The other ZDHC-compliant standards
To avoid creating new certification standards, ZDHC has decided to make it possible for those already on the market to earn acceptance as compliant with their MRSL. Some of them today are OEKO-TEX®, GOTS, Intertek, and numerous others. For companies that already adopt these standards, this means that they are already compliant with the ZDHC.
How ZDHC can help your business
For brands and the stakeholders in the supply chain, joining the ZDHC represents a strategic move in a market that is already changing to be increasingly sustainable. In particular, many buyers currently ask brands to comply with the ZDHC, which has become an essential choice criterion that indirectly falls on suppliers and the rest of the supply chain. It is not easy to change the entire sector: given the complexity of the textile and leather goods supply chains, tackling the problem requires cooperation between many actors. However, at the same time, it is essential to note that many companies see business opportunities associated with moving to more sustainable businesses. A 2018 survey conducted by ZDHC of 32 large companies shows how the benefits of implementing the program outweighed the costs. Furthermore, it emerged that it is unnecessary to invest too many human resources to achieve the objectives. Most of the companies interviewed said they needed only 0-2 FTEs (full-time equivalent, or the equivalent of the work that a full-time person does in a day).
Another noteworthy point is that most respondents did not have to create new systems or programs from scratch but instead adapted existing ones to include RSL.
The adherence to the ZDHC program worldwide is rising, with a high concentration in Asia and countries such as Turkey, Morocco, and Spain. In Italy, however, the performance is still not optimal.
Nonetheless, in 2019 several workshops held by ZDHC were carried out along with seminars and round tables in Como, Biella, Prato, and Varese for the textile sector and Milan, Tuscany, Veneto, and Naples for the leather sector.
Change is happening.
Where to start to integrate ZDHC?
We know how complex it is to stay competitive and implement these innovations in your business strategy. The supply chain is fragmented, made up of many different phases and processes, with numerous actors creating a fashion item.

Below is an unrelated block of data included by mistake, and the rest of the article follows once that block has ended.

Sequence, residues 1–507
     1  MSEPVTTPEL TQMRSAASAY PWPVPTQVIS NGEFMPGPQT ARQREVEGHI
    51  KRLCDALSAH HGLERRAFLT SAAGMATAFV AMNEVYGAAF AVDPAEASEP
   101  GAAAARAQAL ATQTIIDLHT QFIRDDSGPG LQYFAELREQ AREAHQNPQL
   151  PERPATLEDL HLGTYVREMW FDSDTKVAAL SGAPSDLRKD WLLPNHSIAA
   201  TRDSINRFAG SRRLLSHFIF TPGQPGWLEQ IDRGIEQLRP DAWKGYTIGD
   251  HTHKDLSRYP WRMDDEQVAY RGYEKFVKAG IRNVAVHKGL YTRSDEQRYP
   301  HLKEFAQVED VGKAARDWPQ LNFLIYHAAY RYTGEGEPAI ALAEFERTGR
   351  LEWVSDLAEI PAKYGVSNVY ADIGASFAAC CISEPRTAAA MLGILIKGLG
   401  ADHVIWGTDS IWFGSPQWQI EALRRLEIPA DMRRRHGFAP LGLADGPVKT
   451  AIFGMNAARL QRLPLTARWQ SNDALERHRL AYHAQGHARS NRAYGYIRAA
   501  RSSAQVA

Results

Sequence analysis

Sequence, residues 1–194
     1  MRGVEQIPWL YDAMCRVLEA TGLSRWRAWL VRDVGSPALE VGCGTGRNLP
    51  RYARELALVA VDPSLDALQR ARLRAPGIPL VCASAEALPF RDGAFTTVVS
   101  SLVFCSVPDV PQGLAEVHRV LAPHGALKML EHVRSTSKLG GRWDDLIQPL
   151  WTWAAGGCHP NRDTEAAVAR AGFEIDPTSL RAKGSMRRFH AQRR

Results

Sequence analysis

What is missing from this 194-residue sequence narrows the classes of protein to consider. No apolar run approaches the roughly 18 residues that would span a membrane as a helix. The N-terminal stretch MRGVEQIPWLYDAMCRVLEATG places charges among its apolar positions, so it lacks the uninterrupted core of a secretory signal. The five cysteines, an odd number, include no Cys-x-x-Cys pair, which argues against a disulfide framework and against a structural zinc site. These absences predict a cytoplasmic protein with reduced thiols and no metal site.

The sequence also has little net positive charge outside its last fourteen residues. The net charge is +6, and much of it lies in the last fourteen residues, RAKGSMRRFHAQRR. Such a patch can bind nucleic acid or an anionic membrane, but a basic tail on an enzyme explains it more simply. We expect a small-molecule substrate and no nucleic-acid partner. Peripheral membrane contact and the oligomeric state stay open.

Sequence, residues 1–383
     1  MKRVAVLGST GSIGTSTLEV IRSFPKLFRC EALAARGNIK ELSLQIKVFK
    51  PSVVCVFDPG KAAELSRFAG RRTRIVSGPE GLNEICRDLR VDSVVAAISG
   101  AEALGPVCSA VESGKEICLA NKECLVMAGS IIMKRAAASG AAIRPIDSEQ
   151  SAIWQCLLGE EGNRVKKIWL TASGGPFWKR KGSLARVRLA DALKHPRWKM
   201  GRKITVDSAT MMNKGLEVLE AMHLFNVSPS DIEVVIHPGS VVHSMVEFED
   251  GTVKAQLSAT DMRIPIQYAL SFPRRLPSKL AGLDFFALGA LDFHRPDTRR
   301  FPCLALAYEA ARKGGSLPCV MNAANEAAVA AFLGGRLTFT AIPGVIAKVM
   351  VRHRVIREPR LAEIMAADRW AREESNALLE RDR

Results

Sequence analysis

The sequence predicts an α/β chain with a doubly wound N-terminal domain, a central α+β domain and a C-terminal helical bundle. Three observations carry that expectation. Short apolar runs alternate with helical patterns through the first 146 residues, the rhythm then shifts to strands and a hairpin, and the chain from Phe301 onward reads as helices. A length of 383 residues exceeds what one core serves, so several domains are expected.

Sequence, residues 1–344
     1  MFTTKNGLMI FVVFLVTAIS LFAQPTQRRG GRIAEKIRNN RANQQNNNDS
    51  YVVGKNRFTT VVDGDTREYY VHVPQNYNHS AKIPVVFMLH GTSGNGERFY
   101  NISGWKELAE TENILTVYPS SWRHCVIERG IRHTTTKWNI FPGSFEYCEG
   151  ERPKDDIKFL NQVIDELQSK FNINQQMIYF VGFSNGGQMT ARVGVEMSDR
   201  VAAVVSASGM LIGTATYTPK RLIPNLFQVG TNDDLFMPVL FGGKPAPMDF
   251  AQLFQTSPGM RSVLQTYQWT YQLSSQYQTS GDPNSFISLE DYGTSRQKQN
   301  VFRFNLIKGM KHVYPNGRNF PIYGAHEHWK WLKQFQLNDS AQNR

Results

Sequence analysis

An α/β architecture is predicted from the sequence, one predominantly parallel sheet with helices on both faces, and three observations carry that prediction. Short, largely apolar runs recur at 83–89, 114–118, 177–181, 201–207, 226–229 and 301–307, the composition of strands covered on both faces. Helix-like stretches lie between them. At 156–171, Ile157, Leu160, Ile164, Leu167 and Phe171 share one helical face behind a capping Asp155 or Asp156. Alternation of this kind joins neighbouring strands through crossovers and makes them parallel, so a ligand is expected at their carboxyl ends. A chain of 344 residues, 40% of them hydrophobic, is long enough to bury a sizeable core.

For this reason, Cikis analyses the sustainability of the entire supply chain, verifying the documentation and their compliance with international industry standards – including the ZDHC.
The analysis can bring out both positive and unsuspected data: this is the case of the Assessment carried out for a client that showed that he already had an excellent sustainability level concerning chemical processes. All the suppliers analyzed were already compliant with the ZDHC. That meant that the discovery was immediately integrated and enhanced in the communication strategy.
In addition to a complete analysis, the basis for the strategy design, Cikis is responsible for helping brands implement their supply chain, offering direct support in the selection of suppliers. That is the case of a company with which Cikis is working to ensure its compliance with Zalando’s Sustainable Sourcing Policy. A challenging road, but finally viable.
Do you want to find out how to track the chemical standards of your products?
Dopo esperienze di lavoro in Mango, dove ho sperimentato in prima persona la complessità del sistema produttivo del Fast Fashion, e in una tech Company americana, mi sono dedicata allo studio delle criticità ambientali e sociali della filiera di produzione delle aziende di moda e di come la tecnologia potesse supportarle nello sviluppo sostenibile.